A Selective Guide to the Arts in Los Angeles

Kennedy Center Honoree Michael Tilson Thomas / Photo courtesy of LA Phil

On Sunday, the day of the broadcast of the Kennedy Center Honors, in which the American conductor Michael Tilson Thomas (MTT) was an honoree, he conducted the Los Angeles Philharmonic Orchestra in the Piano Concerto No. 1, Op. 23 by Tchaikovsky, with the young Russian pianist Daniil Trifonov, and the Symphony No. 3 by Copeland.

MTT opened the concert with an orchestral oddity, Dibinushka (The Oaken Cudgel), by Rimsky-Korsakov. The four-minute piece is his orchestral arrangement of a popular Russian folk song, which became a theme song for the 1905 Russian Revolution. It was mostly sung by workers and is named for the tool (the oaken cudgel) used by supervisors to beat workers. As are all of Rimsky-Korsakov orchestral works, Dibinushka is masterfully orchestrated, beginning with a march full of brass before quieting down with the strings and, finally, concluding triumphantly.

The story of Tchaikovsky’s famous piano concerto is well known: He originally planned to dedicate the concerto to the pianist Nicolai Rubenstein, but when Rubenstein played it he rejected it as “unplayable” and “vulgar.” So, without hesitation, Tchaikovsky dedicated it to the German pianist and conductor Hans von Bulow, and the rest, as they say, is history. It is now one of the most famous, well-known and often-played concertos in the repertory; a true warhorse. So, when it is played now, the only question is how will the soloist and conductor approach it?

Daniil Trifonov / Photo courtesy of LA Phil

With star power such as MTT and DT, many in the audience waited with baited breath. And they weren’t disappointed. Trifonov played with abandon and unbridled energy and power. In fact, he played so hard that the top of the Steinway grand shook like an earthquake was hitting WDCH. This was not a nuanced performance by Trifonov: It was man vs. piano, and man won.  That’s not to say that when the concerto called for it, he didn’t play lightly; but it wasn’t often. After watching Trifonov’s performance, one could almost see Rubenstein’s point; but Trifonov (like many other pianists) was able to pull it off. MTT and DT barely looked at one another, but despite what looked like MTT backing off, it was clear that keeping up with Trifonov wasn’t an easy task. That’s not to say that the tempos were too fast, however. In fact, if anything, the tempos were on the slower side, but the effect was the opposite. As always, the musicians of the Phil were outstanding in their accompaniment, which was appreciated by both MTT and DT.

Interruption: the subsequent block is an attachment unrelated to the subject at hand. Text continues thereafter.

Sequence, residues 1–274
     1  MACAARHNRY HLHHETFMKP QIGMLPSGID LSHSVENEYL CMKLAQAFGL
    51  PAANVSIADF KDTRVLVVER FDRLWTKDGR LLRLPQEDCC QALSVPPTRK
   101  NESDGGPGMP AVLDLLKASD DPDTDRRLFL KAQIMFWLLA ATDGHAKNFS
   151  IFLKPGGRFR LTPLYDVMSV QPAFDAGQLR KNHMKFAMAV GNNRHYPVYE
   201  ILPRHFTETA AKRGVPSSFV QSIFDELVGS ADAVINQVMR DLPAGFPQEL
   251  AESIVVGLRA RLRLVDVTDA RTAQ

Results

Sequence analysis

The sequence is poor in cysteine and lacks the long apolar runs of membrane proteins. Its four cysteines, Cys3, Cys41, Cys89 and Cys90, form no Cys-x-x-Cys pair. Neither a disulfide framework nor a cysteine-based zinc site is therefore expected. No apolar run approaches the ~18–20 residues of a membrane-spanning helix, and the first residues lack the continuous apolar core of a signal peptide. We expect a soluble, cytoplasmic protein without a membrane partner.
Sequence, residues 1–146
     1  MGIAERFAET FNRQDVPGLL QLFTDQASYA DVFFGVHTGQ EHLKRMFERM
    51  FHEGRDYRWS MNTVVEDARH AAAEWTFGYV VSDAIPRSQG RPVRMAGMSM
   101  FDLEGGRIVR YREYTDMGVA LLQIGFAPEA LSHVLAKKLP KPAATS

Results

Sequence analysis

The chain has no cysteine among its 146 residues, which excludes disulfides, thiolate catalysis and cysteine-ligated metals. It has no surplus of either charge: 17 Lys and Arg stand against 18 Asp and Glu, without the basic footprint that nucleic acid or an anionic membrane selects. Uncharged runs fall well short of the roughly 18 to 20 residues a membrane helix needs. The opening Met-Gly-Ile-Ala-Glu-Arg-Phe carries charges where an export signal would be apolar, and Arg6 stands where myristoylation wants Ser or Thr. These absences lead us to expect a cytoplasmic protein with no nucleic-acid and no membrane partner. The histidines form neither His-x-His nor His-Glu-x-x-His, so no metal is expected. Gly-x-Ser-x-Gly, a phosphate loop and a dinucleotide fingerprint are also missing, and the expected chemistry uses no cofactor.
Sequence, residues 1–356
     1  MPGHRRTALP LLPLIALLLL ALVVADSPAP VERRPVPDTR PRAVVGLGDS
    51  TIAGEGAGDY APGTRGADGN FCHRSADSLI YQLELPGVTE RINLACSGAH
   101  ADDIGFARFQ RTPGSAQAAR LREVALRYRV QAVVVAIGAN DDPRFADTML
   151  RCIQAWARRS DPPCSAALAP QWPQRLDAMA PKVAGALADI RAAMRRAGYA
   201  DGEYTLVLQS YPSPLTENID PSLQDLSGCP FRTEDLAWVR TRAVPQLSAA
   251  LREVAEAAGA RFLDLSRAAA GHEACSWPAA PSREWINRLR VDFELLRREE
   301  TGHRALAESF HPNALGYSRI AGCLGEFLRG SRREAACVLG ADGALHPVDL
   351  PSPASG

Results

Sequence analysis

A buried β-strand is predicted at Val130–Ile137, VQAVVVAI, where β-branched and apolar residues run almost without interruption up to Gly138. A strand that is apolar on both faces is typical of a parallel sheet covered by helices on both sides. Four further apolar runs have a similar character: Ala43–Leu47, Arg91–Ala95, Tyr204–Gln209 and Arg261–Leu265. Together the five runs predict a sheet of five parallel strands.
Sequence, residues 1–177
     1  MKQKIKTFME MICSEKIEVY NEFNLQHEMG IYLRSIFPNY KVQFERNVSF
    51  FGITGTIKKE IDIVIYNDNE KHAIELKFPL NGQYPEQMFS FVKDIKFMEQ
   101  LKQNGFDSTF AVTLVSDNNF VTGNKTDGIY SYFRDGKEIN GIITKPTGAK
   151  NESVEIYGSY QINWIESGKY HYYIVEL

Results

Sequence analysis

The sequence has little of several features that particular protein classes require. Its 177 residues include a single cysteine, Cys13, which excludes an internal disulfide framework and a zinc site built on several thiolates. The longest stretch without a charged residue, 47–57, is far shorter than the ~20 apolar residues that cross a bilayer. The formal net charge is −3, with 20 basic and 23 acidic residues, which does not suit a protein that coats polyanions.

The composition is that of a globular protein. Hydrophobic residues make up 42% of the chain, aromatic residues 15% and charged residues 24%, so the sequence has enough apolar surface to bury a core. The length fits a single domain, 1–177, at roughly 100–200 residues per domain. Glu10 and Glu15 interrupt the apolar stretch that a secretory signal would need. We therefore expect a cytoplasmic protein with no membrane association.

At the conclusion, the audience erupted in cheers and brought DT out for an encore of — what else? — another Russian showpiece: the Étude, Op. 42, No. 5 in C-sharp minor by Alexander Scriabin. In both pieces, Trifonov showed himself to be a master of his instrument.

The second half was devoted to the Copeland third symphony. Composed in 1944 with WW II still raging, this symphony is one of grandeur and optimism. It may (or may not) be the Great American Symphony, but it is a great American symphony. It is distinctly American and distinctly Copeland. And its performance by an American conductor with a great American orchestra represented a perfect combination. MTT’s conducting was very understated. He seemed to know that the orchestra doesn’t need as much direction as some conductors give them. His movements were not showy, but the approach was effective.

The symphony is in the traditional four movements. The fourth movement — Molto deliberato-Allegro risoluto — begins with refrains from Copeland’s famous Fanfare for the Common Man, the theme of which Copeland then varies until the final glorious conclusion with throbbing timpani and bass drum and unrestrained brass.

A final word must be added about WDCH because where else would one want to hear a great American symphony performed by a great American orchestra than in one of the great American concert halls? Case closed.

—Henry Schlinger, Culture Spot LA

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